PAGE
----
Digital transformation in Facilities Management
Rob Smith, interviews David Hipkin on Digital transformation within the Facilities Management space
Mobile technology has been seen as a big driver for cost reduction in the Facilities Management (FM) industry for many years, is this still the case?
The adoption of smartphone technology has been unprecedented with 1.46 billion devices shipped in 2017. We now live in a world where we as consumers demand instant access to information from our devices. We expect to be able to book a taxi, purchase a book, plan our holiday or order repeat medication, at our convenience, 24 hours a day, 7 days a week, straight from our phone.
When mobile devices were first adopted by the FM industry, they were simply seen as an effective way of distributing work to a dispersed workforce and reducing the cost of the paperwork flow. In today's world of digital disruption, the expectation and behaviour of consumers are driving relentless advances in technology that will have a profound impact on the way facilities are managed in the future.
Facilities and service managers now expect to have access to data on their smartphones that will help them proactively manage their contracts and engage with their clients to demonstrate they are delivering great value. In a world of demanding SLA's and performance measures, they need to be alerted on their mobile device before problems arise and can re-deploy resources whilst on the move to avoid contractual penalties and operate at minimum cost.
What kind of data will a Facilities Manager need?
Data has been described as "the new oil of the digital economy" an immense, untapped, valuable asset. Technology providers are therefore all striving to deliver "Insight" from the wealth of "Big Data" that is rapidly being collected from mobile devices and "The Internet of Things".
All too often, however, the "insight" is of limited value to a Facilities Manager as we still live in a world where we find silos of information in departmentally sponsored systems that have historically been implemented to meet very specific operational requirements. These systems are often poorly implemented due to budget restrictions and lack of sponsorship from higher management and are largely focussed on demonstrating compliance and providing departmental rather than organisational efficiencies with limited return on investment.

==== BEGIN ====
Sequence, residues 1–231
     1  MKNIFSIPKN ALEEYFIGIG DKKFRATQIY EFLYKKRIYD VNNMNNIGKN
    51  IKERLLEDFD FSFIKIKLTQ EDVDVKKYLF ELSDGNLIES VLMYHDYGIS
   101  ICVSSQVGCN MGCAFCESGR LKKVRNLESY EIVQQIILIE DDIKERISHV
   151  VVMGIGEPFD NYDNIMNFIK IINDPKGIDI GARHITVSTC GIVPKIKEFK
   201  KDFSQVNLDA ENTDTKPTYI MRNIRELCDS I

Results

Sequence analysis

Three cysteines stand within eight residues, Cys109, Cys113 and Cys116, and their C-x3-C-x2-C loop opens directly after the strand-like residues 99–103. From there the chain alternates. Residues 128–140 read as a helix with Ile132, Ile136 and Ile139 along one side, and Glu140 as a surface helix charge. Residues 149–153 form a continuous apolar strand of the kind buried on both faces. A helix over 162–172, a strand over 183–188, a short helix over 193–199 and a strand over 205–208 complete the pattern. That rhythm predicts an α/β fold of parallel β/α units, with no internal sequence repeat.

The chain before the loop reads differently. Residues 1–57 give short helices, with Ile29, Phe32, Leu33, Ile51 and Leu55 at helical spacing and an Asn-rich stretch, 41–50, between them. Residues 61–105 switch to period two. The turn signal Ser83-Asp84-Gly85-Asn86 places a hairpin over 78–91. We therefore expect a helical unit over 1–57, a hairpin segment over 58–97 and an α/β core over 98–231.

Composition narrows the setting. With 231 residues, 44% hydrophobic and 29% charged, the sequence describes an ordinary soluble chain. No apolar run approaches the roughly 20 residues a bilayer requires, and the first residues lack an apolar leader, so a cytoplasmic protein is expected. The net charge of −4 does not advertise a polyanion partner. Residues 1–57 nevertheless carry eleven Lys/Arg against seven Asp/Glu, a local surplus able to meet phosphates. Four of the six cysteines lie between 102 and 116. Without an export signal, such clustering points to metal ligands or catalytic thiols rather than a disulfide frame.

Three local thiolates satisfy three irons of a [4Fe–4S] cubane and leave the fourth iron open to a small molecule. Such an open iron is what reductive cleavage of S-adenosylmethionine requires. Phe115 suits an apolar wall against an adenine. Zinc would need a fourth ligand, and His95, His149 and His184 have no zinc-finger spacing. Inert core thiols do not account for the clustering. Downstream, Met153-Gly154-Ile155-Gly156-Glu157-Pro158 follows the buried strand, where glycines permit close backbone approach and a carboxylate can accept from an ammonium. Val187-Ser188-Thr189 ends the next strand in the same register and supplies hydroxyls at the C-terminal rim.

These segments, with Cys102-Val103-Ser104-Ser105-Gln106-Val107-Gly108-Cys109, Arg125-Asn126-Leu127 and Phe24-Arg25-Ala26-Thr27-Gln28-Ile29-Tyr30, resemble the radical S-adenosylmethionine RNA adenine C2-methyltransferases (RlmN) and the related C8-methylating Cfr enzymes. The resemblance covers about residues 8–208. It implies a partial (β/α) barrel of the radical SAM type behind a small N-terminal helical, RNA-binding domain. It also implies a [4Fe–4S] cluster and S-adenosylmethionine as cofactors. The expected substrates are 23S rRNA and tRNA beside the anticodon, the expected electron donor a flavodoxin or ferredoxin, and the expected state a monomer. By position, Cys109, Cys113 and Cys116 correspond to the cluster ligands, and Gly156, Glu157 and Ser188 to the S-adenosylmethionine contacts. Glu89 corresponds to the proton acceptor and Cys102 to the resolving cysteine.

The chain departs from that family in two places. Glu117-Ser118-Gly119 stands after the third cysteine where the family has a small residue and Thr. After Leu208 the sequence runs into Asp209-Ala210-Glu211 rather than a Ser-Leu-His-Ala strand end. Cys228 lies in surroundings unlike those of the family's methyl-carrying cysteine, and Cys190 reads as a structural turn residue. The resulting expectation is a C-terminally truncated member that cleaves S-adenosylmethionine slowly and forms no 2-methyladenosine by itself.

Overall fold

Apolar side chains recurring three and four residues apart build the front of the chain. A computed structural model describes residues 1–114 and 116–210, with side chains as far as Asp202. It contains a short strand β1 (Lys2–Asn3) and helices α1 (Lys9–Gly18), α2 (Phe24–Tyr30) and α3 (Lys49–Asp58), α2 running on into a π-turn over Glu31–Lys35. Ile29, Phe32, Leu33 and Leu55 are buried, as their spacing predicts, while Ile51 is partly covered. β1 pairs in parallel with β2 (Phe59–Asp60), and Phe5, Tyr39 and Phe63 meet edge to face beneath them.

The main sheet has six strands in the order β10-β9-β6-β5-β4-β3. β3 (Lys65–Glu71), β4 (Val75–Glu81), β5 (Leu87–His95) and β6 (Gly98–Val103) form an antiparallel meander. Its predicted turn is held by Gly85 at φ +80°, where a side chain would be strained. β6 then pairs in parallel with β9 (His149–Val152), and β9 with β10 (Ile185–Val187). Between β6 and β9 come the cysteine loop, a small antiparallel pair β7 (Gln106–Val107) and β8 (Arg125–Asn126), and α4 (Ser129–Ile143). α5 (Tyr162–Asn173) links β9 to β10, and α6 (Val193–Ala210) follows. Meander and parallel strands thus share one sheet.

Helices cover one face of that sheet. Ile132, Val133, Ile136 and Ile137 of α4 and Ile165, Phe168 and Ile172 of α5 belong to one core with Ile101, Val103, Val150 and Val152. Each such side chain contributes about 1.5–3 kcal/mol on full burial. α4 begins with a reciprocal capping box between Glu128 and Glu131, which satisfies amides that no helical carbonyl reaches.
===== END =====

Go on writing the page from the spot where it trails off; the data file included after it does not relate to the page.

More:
Different systems are often used to manage the help desk, schedule maintenance, track equipment, manage porters, control security alerts, book rooms and audit cleaning. The resulting complexity means that it is difficult to transfer support staff between departments, training costs are high, and administration costs are totally disproportionate to the benefits achieved. Islands of data result from this silo approach and lead directly to a disconnected delivery of service and poor customer satisfaction.
Real insight can be provided to FM businesses when these silos are broken down, and technology is harnessed to build a connected ecosystem of devices and systems. In a connected world, data from motion sensors could be used to demonstrate that cleaning had been carried out within a defined period from last usage rather than wasting resource on regular cleaning visits when the area is often left unused. Combining external data such as temperature and weather conditions with operational data will help businesses better understand the impact of these conditions on their service delivery. This insight can then be used to proactively plan resource requirements and prevent service issues based on the weather forecast for the coming period.
You mention the Internet of Things, how is this being used?
Global IT and connectivity specialists, Cisco, predict that thirty billion devices will be connected to the Internet by 2020 creating massive volumes of data which once analysed can be used to transform the way we go about our daily lives. The obvious examples of devices are GPS systems, alarm systems and thermostats which are used to send and receive constant streams of data to monitor and automate activities in our vehicles, facilities and homes.